Okay: the original is a so-so mini-series that fails to adapt a great but patchy book very well. Tim Curry is great but anyone could have worn a clown costume and be scary when you’re the only good thing in the show, and Clowns as evil was a new concept. People who like it saw it when they were too young and would have been scared by anything.
It’s a while since I read it - but in the book - there is actually a kiddy gang bang and that’s how they somehow beat the monster? That’s not some horrific invention of my imagination?? (which would be very very worrying).
It’s in the 5th part which is the one going back and forth between the two time periods, which is messy as hell. Reading some of those comments it seems most King fans don’t know he was an alcoholic wreck when he was writing it. He says in his autobiography there are books he doesn’t even remember writing. It’s an odd and disturbing bit for sure.
i first read the book when i was 12 or something. i think i skipped a lot of the last few hundred pages once they killed it and had that gangbang. would skip again. i remember being bored by the fact there were a series of endings rather than just, y’know, an ending. plus the last ending was standard king: they kill the hellbeast and the small town in maine explodes.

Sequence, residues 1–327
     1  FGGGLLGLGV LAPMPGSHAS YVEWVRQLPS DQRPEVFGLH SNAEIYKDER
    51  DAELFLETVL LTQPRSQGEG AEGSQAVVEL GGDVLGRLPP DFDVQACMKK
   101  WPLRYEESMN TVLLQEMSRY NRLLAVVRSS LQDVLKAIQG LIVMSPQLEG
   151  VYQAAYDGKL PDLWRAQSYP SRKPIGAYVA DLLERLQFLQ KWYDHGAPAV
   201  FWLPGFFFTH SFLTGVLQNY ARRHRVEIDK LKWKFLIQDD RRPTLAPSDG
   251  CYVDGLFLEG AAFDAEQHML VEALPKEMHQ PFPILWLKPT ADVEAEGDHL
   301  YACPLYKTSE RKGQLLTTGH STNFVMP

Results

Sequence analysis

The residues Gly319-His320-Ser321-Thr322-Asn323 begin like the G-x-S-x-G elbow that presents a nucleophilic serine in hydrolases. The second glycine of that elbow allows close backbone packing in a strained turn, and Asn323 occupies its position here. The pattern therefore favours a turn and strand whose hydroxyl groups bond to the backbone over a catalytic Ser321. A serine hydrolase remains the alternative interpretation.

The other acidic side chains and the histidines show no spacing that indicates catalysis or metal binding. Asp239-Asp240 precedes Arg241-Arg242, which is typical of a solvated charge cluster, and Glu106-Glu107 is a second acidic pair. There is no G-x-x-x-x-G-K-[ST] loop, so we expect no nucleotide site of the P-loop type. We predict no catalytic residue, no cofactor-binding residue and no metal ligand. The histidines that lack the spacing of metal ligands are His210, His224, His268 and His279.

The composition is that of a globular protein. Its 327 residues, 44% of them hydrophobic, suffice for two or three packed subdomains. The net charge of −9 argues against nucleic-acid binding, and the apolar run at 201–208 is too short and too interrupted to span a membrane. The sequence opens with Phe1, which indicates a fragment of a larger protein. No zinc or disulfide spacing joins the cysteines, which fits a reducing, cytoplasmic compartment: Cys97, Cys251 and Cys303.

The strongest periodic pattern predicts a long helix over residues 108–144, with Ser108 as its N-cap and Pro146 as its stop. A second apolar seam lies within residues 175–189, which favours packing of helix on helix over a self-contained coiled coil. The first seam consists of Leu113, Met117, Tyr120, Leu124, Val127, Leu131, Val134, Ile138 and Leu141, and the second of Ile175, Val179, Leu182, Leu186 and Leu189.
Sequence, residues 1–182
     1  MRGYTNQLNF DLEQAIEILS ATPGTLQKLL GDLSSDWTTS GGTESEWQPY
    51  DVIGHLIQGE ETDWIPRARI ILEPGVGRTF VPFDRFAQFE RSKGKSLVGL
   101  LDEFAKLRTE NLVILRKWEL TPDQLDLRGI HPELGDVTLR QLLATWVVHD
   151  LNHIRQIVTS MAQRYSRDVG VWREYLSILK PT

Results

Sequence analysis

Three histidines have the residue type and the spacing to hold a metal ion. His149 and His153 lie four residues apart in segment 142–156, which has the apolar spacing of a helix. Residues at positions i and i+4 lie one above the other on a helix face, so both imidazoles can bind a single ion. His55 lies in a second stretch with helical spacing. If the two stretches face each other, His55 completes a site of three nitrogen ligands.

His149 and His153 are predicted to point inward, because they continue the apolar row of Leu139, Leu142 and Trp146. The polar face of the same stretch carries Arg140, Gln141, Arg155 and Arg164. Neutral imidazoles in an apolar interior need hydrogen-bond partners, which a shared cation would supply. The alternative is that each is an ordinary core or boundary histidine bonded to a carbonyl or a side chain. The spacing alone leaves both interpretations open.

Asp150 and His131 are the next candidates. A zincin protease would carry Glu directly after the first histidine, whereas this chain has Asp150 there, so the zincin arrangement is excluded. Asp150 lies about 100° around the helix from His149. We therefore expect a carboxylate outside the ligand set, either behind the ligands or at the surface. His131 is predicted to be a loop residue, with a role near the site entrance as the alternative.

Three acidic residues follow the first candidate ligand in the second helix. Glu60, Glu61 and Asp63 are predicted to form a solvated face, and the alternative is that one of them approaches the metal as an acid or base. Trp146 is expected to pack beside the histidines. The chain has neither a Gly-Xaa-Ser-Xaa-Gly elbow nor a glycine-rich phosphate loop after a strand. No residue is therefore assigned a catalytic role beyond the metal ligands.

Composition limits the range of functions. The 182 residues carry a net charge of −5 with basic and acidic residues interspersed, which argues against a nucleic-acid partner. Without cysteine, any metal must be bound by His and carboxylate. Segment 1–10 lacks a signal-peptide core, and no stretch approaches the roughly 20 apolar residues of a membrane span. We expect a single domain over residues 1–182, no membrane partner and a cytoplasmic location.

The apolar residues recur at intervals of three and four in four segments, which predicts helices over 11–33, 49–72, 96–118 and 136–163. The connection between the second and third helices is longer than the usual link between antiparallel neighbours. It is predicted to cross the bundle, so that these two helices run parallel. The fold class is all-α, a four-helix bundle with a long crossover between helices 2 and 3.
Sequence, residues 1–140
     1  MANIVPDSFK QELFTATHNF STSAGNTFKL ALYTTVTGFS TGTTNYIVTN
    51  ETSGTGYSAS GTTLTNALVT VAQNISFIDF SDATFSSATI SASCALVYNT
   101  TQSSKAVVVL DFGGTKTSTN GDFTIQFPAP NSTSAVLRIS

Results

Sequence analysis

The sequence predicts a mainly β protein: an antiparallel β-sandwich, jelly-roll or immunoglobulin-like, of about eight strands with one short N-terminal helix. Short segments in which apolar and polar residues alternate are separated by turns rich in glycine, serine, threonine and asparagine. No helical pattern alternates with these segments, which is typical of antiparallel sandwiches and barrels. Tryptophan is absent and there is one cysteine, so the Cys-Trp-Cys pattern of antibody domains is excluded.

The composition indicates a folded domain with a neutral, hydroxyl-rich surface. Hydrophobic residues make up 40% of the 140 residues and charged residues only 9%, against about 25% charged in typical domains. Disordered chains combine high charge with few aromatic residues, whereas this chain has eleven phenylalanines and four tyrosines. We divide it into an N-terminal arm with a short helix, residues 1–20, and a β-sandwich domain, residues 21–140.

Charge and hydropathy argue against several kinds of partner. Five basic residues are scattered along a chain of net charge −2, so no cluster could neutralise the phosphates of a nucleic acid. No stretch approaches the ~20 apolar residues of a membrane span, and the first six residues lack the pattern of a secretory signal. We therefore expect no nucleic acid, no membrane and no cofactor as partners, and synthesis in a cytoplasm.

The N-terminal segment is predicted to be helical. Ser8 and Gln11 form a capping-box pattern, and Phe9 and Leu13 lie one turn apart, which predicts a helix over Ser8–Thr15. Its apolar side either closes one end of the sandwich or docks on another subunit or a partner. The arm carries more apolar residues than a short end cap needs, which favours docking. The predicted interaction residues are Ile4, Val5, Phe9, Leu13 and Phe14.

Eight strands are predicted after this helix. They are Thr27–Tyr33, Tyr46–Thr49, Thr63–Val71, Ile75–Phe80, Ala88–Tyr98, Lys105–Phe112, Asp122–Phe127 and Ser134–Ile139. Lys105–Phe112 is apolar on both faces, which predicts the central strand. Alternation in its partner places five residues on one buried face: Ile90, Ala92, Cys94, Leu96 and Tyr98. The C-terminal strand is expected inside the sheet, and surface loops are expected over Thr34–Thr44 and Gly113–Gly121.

@1101010 yeah spot on. plus the only really scary parts of the miniseries were the kid bits, 'cos tbf they are kids so they’re more vulnerable, it’s a PG13 miniseries tbh, tim curry goes about as far as you could on TV in 1990. the kids in the book have a much more frightening time of it if memory serves (that fucking porch leper!) whereas in both miniseries and the book once the adults come into it the whole thing just stops being particularly interesting.
and IT turning out to be a giant spider in both book and miniseries is so fucking lame.
but the grown up bits and the spider are both totally wank and integral to the story, so how will poindexter direct his way out of that i wonder.
I think most of the book can be scary at PG-13 levels maybe. It’s mainly about dread and half-seen things.
But the book’s strength is in lots of different tales. The Interludes are scary as hell but how can you really weave those in? To do a good version you probably need to rip the book apart and rework it completely. Or else try to do it faithfully but hope you can keep the audience on side through the slow slow building first part.
One thing is that now (in theory) the contemporary part is also period 80s so it should have an allure of its own a la True Detective 1.
One of the issues I see with a ‘faithful’ adaptation is you probably need a fair amount of narration from Mike, but I feel like in TV and film narration really softens any edge so it’s not great for horror. Without it you probably end up with tonnes of exposition dialogue.
so many great bits in there, the scary door-esque interludes about derry’s history especially
surprised they went with a film given what you can do with TV nowadays. you could have those interludes as webcasts or minisodes for instance. i would be geek enough to watch them, they’re my favourite bits of the book.
oh oh, ace marketing for the casting too, since stranger things was basically a stephen king novel he never wrote, now one of the kids from that is in the IT reboot.
@ericthefourth they could sext each other to get out of the haunted sewer pipe.